I can’t save him. I don’t think anyone can. He’s crazy with pain. He has fried his own brain with passion. He can’t discern action from emotion. He has set the mother ship of his psyche for self-destruct. The only person who can terminate the countdown is … him.
It is at once understandable and inexcusable. A woman has left him. She has said, “no.” His marriage is over.
It’s been over, actually, for a long time. He has spent years detached and withdrawn. Never a “bad man.” But not very often a “present” man, either. He has no real social circle. No vital bonds with extended family. He rarely socializes with his own family.
And she has, in her own way and for her own reasons, tolerated the emptiness. The papier-mache form of a marriage.
They don’t fight. Frankly, fighting might have been healthier.
But no. The marriage is a ghost town. Just this silently agreed upon vacuum where love and vitality once bloomed.
Some people make it to the grave in such marriages. And some of those people die telling themselves it was the right and moral thing to do. That is, not to divorce.
Other people, this woman, for example, just suddenly “Rip-Van-Winkle.” Yes, I’m making it a verb. They wake up. Like, from a coma. Or from an enchantment. Who knows why they wake up at all. Or why now. But they wake up. And they allow themselves to be horrified by how they have lowered the bar. And what it has cost them to lower the bar. And they say, “I can’t do this. Not for another second. Yesterday I could. Today I can’t.”
They walk into a tomb and, finally, long after the fact, pronounce the mummified remains of their marriage dead. Time of death unknown.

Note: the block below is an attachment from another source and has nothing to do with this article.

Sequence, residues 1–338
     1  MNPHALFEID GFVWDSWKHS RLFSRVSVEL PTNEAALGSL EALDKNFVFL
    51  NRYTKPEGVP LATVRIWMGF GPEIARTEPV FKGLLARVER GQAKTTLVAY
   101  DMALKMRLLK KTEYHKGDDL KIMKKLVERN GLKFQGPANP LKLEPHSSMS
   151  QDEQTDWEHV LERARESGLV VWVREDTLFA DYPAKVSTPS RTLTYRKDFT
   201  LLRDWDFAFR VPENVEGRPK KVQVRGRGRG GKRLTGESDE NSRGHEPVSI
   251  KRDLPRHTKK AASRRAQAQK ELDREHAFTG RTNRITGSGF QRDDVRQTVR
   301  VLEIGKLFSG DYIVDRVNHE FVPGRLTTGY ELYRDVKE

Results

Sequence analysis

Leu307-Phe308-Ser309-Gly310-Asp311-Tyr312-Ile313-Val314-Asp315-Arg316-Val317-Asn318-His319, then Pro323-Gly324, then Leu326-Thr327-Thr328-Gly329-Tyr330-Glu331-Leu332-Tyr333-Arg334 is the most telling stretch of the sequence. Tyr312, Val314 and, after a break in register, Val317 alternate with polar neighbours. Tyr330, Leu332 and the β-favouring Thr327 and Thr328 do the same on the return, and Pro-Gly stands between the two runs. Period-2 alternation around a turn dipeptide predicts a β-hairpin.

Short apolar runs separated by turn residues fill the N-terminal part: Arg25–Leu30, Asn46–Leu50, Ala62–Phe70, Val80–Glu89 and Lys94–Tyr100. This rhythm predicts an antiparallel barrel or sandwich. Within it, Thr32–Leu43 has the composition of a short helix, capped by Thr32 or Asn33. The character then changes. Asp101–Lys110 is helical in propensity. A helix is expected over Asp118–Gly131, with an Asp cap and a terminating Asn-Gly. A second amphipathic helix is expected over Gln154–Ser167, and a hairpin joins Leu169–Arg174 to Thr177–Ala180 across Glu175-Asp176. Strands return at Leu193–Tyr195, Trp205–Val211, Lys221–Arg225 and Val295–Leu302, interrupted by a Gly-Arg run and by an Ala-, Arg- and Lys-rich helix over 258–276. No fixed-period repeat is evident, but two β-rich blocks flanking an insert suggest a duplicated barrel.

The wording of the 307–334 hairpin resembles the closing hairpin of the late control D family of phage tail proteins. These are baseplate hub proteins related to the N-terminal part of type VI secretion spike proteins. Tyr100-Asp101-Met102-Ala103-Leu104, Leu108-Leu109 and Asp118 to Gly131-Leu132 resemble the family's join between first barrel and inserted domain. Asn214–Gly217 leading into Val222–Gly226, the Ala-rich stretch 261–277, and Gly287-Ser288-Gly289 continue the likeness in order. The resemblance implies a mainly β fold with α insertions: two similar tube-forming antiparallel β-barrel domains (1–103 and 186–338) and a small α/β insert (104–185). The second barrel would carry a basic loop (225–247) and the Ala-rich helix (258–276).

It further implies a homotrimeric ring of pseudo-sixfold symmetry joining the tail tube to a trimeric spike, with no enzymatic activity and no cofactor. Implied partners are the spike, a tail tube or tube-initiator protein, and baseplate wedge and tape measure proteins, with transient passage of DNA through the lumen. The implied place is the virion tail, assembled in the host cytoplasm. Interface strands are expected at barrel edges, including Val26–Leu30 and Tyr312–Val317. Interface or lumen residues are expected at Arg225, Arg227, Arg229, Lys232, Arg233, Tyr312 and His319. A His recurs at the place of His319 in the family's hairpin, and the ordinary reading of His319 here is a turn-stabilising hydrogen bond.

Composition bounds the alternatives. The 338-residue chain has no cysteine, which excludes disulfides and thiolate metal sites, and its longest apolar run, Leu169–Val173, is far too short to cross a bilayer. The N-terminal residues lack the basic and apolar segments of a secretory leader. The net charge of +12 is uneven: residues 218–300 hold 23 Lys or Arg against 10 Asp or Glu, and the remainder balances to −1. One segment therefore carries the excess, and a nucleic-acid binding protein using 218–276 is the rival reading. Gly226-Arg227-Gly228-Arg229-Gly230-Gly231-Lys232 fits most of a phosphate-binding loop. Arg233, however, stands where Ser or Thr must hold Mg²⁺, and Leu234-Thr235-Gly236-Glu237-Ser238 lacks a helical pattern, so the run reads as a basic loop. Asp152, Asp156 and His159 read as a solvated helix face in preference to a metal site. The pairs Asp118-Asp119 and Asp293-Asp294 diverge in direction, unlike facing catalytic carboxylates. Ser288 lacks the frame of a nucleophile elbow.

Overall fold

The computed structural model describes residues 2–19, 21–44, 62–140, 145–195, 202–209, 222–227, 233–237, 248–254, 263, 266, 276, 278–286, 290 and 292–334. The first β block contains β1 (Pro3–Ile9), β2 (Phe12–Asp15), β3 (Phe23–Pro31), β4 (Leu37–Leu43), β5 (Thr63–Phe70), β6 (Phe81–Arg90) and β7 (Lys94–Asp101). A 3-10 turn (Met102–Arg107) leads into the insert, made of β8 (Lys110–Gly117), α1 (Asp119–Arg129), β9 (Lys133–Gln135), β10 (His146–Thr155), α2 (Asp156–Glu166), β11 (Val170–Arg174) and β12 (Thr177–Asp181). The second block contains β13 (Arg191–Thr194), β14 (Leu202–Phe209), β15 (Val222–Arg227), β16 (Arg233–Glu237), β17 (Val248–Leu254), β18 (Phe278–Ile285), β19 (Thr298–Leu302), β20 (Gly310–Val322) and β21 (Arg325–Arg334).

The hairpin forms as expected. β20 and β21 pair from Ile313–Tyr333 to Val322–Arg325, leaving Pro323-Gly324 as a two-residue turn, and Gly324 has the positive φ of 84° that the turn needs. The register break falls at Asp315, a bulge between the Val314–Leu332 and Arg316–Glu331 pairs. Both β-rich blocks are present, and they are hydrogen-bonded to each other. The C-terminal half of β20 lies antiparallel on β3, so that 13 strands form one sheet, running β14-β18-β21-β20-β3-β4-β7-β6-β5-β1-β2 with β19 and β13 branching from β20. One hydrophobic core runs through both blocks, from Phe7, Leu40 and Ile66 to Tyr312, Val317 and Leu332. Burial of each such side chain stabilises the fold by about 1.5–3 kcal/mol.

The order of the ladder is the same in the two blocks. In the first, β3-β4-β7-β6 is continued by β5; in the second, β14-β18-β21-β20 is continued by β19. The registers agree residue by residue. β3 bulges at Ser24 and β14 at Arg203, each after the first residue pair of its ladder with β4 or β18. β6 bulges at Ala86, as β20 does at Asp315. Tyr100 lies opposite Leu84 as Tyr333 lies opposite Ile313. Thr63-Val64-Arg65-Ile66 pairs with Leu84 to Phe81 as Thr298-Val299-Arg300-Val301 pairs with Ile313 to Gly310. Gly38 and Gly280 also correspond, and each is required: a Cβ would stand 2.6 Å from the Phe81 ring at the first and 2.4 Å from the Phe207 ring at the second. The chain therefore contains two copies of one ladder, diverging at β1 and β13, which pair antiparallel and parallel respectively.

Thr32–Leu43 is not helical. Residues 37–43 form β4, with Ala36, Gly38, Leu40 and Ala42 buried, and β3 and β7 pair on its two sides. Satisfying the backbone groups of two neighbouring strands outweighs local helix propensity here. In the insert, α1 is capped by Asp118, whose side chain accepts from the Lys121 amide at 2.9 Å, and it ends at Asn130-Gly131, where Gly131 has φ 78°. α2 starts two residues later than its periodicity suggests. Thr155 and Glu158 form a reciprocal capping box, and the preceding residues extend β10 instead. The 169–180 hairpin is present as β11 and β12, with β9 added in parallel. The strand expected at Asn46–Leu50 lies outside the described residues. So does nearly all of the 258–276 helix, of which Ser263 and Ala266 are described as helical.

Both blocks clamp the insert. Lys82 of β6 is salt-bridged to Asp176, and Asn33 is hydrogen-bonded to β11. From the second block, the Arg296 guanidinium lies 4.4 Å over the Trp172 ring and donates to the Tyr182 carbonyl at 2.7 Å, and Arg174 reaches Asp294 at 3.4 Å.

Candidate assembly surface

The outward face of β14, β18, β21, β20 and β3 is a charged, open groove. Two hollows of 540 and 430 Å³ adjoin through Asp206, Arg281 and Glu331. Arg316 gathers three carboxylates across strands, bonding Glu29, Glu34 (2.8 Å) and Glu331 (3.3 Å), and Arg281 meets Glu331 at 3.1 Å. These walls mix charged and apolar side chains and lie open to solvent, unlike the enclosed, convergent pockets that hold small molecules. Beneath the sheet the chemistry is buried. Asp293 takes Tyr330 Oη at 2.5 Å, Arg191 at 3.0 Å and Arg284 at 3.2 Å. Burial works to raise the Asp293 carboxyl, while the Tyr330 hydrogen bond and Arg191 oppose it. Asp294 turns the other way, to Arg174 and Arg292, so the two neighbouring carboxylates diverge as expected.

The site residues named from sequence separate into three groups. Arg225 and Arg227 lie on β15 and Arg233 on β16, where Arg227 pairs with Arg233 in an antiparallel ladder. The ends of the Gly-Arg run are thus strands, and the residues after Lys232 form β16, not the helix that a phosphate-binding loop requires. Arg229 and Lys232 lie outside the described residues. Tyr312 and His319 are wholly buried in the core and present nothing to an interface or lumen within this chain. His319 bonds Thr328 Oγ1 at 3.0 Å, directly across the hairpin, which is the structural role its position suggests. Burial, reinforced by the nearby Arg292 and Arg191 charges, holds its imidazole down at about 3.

The woman’s awakening awakens the man. Now he sees what matters. Now he sees his folly. Now he is energized. And repentant. And sorry. Oh so very sorry. He weeps. He pleads. He begs.
He shouts into the wind. He hurls his body against an immutable, immovable force. It’s too late. The “no” is final. And terrible. Eviscerating.
I know what he’s feeling. The T-shirt is hanging in my closet. And, had he allowed me, I would have surrounded him with compassion and support. I would have drowned him in empathy.
But, as it happened, he didn’t give me the chance. To my knowledge, he gave no one the chance. By the time I knew what was happening, it was too late. He was way past the “understandable” and “tragic.” He had already committed the inexcusable.
Inexcusable? Yes. He conscripted his children in service to vengeance. He reviles her. In words. To their faces and in raving emails. He mixes distortions with truth, spilling intimate details of their mother’s life. Details that only she had the right to decide when, if and ever to share at all.
Until this, my view was equal accountability and compassion for both parties. Each owns one half of the sins and the virtues of the marriage. But, now …
Did he really think his children were going to say, “Oh my God, Pop … you’re right! My mother is a very bad person! Please rescue us from this wretched woman!”
I asked Joseph, my youngest, age 11, what he would do if I came to him with an angry face and angry voice and called his mother vile names. His eyes steeled. His jaw set. “I would tell my mother I want to live with her and I would delete you from my phone contacts!”
As well you should, boy. As well you should.
The love of a real man includes boundaries. My children would never give me a pass for behaving badly. I’m proud of them for that.
I remember a graduate school professor saying, “The fastest way to grow a religious movement is to persecute it.” Yep. Every move he makes now bonds his children more tightly to their mother. Every move he makes now broadens the already yawning chasm between himself and his children.
I’d save him if I could. I’d kidnap him and take him to a remote cabin in the woods, tie him to a chair, and treat him like you would a rescued victim of some wacko religious cult.
But I can’t. I don’t think anyone can.
Steven Kalas is a behavioral health consultant and counselor at Las Vegas Psychiatry and the author of “Human Matters: Wise and Witty Counsel on Relationships, Parenting, Grief and Doing the Right Thing” (Stephens Press). His columns appear on Sundays. Contact him at 227-4165 or firstname.lastname@example.org.